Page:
Bow and arrows were already used in France 54,000 years ago

A Franco-American study published on February 22 in “Science Advances” makes more than forty millennia go back the use of archery in Europe.

By Pierre Barthélémy

The age of cut stone tools and that of hunter-gatherers, such is the most common definition of the Paleolithic. Hunters, therefore, but with what equipment? The arsenal of this distant time has hast weapons like the spears (which, contrary to what their insinuated name, do not launch), jet weapons like sagaies and, finally, draft weapons, which Use mechanical propulsion as well -named propellant or the arc. The latter, attested in Africa, there are approximately seventy millennia, had so far left on the European continent only recent traces: the arch of the arc and the arrows of the German Stellmoor site have only 11,000 in 12,000 years. In a study published on Wednesday, February 22, in Science Advances, a Franco-American team has prehistoric archers in Europe a spectacular leap back, demonstrating the use of archery, in France, there are 54,000 years.

We must represent the context. We are in what is today the department of Drôme, in the Mandrin cave, which overlooks the Rhône and its valley. This natural corridor where cars and TGV once spent scrolling herds of horses and bison. At the time, it was a purely Neanderthal territory. At least that’s what we thought until February 2022, the date on which a study conducted by the same team announced that, if we went back to a stratum of 54 millennia, we discovered, tooth to the ‘Support, that the site had been invested by a group of Homo sapiens, for a few decades. In addition to the decisive tooth, the researchers had uncovered unprecedented cut stone tools, especially very small flint tips, which were found in any of the Neanderthal layers, whether they are previous or after this foray sapiens, the oldest of modern humans on the continent.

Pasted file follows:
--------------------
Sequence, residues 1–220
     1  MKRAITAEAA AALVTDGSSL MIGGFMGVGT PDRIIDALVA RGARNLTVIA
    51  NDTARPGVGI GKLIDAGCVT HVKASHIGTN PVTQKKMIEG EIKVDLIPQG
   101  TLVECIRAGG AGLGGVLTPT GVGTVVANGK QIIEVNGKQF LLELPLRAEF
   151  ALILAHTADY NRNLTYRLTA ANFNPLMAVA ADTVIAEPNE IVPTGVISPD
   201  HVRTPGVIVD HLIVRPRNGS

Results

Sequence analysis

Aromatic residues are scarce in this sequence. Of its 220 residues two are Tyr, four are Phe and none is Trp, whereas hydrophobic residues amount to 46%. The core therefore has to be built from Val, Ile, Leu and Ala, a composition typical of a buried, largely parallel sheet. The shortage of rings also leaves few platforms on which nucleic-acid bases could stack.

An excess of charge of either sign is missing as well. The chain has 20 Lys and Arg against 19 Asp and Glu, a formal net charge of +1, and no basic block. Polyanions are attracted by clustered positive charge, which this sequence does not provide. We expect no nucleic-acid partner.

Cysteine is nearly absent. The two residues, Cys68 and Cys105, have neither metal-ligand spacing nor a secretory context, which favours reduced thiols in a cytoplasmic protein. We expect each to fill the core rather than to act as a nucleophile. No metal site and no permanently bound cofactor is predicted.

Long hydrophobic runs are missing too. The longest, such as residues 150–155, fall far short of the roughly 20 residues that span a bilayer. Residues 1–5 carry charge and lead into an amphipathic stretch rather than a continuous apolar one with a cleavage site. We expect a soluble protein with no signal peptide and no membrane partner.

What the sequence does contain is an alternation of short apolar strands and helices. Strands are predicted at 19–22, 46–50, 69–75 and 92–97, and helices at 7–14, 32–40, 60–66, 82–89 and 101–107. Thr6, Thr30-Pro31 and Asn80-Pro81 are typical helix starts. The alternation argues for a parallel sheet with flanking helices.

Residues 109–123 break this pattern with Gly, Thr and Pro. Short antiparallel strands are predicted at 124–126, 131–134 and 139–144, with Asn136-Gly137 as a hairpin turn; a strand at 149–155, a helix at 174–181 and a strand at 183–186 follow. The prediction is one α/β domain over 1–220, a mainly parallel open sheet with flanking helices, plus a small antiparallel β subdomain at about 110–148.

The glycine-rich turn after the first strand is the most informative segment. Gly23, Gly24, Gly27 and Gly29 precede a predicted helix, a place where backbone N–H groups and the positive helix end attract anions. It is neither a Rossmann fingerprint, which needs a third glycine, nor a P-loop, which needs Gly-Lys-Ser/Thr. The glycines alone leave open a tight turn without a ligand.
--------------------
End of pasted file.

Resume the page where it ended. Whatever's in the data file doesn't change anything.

First signatory of the Science Advances article, Laure Metz, associate researcher at the Mediterranean Laboratory of Prehistory Europe Africa (CNRS/University of Aix-Marseille), analyzed nearly 900 of these points to do what specialists call traceology. “This is the study of the traces of wear on lithic tools,” she summarizes. Even if the flint is stone, “it is still fragile. Contact with the material generates kidnappings: very small bits of flint jump. By making experiments with stone tools manufactured by contemporary tailors, we build Databases with photos for each type of trace, which we compare with our archaeological objects. We can then say if the tool was used to cut meat, skin the animal, to scrape the skins, etc. “

You have 60.09% of this article to read. The rest is reserved for subscribers.

/Media reports cited above.